Clown fish in coral reef

Exfoliants and the environment

Enjoy a soft and silky smooth skin without destroying aquatic life.

Microplastics are added in many exfoliating products or in soaps as a mild abrasive for skin; it is a cheaper alternative (but not biodegradable) to bamboo fragments, algae, kernels or horsehair gloves, which were used in the past.

These nanoparticles essentially made of polymers (a petrol-derived plastic) are rejected in the sewers after the product has been used and reappear in our rivers. They hang on to algae or settle in the silt. As they are often transparent, they are misidentified with plankton. As a matter of fact, significant quantities of many different microplastics can be found in marine organisms consumed by humans (e.g.: oysters, mussels, water snails, fishes and shellfish).

Source: Wikipédia

Plastic surgery concept on blue background with woman opening bandages in front of mirror.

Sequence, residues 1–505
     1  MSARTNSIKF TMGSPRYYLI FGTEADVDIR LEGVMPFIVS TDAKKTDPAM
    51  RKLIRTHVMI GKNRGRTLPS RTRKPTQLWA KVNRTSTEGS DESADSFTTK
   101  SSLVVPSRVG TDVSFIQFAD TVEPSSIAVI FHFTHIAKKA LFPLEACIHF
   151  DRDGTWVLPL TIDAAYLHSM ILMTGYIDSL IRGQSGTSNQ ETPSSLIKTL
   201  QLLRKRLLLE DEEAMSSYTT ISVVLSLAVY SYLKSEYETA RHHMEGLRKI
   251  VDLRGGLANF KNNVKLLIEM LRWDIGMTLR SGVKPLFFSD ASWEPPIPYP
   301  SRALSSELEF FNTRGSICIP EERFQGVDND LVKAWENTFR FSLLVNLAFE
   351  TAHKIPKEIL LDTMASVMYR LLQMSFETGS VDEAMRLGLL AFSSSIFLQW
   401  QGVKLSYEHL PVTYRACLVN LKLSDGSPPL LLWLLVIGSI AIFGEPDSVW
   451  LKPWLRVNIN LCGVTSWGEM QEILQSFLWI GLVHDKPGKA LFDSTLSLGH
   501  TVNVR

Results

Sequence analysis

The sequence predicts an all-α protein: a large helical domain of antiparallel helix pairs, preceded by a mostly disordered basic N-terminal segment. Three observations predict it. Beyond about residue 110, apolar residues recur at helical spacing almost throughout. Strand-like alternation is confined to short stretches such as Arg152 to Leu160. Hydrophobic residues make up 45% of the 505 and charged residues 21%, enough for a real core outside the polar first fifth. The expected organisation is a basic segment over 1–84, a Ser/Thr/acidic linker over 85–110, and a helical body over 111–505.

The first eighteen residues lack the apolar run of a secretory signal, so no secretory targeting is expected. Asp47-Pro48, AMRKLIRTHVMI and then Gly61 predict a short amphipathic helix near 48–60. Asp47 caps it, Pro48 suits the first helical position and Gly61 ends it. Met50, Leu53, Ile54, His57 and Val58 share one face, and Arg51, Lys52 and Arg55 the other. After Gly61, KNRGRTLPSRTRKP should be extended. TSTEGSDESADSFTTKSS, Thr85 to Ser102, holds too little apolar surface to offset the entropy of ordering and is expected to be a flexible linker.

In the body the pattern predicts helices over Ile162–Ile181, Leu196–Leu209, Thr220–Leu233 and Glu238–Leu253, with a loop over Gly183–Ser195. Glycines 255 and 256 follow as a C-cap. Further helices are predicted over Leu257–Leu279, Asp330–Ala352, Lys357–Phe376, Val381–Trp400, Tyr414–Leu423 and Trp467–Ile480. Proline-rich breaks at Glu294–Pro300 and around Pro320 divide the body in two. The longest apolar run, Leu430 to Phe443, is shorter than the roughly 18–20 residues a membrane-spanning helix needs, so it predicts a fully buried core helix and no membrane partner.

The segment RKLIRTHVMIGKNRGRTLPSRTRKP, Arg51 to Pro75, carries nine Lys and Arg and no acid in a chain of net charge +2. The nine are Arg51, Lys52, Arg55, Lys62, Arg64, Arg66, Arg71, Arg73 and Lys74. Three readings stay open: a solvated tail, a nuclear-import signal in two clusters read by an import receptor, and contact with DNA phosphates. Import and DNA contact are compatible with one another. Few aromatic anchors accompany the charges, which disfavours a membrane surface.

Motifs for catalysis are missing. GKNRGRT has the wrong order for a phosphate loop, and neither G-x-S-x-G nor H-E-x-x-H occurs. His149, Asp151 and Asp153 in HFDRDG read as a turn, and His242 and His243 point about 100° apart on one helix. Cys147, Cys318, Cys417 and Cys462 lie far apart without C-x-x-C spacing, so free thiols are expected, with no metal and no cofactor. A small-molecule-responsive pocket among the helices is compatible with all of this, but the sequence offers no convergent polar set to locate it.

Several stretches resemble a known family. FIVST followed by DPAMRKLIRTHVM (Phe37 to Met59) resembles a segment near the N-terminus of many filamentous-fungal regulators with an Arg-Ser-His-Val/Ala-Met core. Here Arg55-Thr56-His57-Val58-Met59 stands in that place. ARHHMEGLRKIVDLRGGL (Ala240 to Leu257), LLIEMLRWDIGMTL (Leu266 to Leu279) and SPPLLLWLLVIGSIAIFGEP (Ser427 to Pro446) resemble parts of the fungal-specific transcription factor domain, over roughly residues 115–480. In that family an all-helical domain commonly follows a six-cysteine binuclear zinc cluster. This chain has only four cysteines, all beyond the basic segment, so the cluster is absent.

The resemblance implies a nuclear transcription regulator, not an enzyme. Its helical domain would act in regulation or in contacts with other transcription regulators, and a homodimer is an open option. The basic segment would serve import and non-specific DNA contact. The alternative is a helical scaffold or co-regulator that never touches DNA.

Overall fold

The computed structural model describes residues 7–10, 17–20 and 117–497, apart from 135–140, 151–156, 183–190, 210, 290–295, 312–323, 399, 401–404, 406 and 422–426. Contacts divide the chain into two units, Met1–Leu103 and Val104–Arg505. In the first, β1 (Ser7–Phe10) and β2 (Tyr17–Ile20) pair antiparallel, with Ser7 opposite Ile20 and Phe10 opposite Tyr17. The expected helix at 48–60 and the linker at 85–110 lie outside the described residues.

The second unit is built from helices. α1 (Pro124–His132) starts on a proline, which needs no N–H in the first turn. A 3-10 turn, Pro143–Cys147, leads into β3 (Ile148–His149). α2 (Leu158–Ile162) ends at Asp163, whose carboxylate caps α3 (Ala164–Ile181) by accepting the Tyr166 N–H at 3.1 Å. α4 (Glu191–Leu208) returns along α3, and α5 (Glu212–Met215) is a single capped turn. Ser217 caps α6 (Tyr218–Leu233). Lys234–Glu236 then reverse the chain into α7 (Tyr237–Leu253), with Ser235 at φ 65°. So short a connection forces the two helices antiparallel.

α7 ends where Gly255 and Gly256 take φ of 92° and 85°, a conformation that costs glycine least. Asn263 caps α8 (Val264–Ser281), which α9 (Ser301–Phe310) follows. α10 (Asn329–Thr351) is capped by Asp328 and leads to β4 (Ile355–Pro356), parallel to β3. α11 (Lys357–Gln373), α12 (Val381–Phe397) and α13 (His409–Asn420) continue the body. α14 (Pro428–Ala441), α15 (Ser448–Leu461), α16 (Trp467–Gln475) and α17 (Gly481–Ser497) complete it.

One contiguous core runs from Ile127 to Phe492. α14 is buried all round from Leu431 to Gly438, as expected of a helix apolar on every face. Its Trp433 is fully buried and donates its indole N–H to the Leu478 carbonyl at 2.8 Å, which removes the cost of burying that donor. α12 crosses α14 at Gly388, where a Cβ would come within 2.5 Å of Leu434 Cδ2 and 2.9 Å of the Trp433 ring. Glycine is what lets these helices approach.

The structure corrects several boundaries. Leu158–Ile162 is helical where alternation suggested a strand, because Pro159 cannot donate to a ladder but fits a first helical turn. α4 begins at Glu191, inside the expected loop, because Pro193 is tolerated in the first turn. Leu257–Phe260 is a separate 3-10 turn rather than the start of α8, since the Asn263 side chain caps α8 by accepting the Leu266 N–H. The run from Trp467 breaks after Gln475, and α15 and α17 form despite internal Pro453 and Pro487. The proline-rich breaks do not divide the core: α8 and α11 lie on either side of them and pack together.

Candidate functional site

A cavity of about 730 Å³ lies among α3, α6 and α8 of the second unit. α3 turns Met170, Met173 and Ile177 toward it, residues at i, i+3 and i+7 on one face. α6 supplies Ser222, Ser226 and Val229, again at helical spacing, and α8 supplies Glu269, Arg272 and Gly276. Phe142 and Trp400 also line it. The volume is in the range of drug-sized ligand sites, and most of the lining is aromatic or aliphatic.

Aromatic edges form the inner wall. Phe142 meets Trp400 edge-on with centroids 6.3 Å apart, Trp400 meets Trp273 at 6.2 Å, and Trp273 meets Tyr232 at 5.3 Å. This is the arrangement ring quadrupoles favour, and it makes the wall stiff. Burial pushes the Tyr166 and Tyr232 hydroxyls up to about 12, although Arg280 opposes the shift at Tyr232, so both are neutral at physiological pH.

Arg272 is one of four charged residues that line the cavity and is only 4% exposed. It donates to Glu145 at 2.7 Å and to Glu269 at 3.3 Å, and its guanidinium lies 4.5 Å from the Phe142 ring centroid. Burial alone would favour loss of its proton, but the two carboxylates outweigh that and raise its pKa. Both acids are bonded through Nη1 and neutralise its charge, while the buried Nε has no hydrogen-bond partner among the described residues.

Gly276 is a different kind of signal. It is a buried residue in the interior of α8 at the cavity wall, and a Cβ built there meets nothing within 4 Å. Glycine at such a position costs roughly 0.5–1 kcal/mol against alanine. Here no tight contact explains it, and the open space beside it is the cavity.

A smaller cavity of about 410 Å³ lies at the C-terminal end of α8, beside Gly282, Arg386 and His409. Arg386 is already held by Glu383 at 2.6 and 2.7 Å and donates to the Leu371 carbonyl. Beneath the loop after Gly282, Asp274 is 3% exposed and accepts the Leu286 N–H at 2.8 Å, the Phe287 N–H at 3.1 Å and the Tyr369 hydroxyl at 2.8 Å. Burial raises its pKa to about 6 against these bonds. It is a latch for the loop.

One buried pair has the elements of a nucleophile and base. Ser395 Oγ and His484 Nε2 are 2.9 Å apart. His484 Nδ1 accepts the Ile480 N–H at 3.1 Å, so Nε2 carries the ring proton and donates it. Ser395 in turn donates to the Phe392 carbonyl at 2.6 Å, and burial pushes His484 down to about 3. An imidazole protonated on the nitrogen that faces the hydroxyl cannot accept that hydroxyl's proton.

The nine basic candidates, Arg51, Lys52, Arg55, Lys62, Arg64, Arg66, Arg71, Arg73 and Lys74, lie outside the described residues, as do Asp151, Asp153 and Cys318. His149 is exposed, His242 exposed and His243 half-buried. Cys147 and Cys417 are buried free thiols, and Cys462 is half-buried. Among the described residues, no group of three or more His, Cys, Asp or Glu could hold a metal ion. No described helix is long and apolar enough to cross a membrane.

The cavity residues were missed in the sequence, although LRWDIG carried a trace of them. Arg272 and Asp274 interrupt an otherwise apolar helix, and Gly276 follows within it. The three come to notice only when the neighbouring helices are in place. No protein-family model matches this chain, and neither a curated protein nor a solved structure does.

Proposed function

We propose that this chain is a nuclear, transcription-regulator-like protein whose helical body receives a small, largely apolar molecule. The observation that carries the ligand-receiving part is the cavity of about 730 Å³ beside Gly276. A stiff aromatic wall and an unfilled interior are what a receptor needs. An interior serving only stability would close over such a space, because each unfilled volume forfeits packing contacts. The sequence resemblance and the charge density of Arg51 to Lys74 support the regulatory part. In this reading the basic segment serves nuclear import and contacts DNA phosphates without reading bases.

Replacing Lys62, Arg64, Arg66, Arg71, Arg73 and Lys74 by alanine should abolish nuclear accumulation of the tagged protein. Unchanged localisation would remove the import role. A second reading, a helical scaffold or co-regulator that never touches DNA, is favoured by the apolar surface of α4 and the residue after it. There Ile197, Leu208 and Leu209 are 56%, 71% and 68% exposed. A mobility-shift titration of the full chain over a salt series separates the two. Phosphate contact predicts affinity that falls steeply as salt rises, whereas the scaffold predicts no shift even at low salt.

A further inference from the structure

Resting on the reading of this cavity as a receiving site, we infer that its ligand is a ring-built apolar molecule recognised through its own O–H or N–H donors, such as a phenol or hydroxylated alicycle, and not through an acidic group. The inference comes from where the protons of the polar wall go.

Debunk Medical-Aesthetic

Medical-aesthetic is practiced by a dermatologist or a doctor who has been duly trained in plastic surgery; or a registered nurse who is supervised by one of these two professionals. An aesthetician without these specific trainings is not allowed to provide medico-aesthetic care.

Medical-aesthetic includes all injectable filling products (Botox®, Restylane®, Juvéderm®, etc.) and chemical peels. When it comes to using devices like IPL, microdermabrasion, and lasers, an aesthetician’s activities are limited: strict rules exist and technicians cannot go beyond their field of expertise.

Cosmetic products using the name “Medical-aesthetic” contain no ingredient with higher concentrations or particular medical qualities. If they do, make sure the DIN (Drug Identification Number) is indicated. It corresponds to a pharmaceutical product.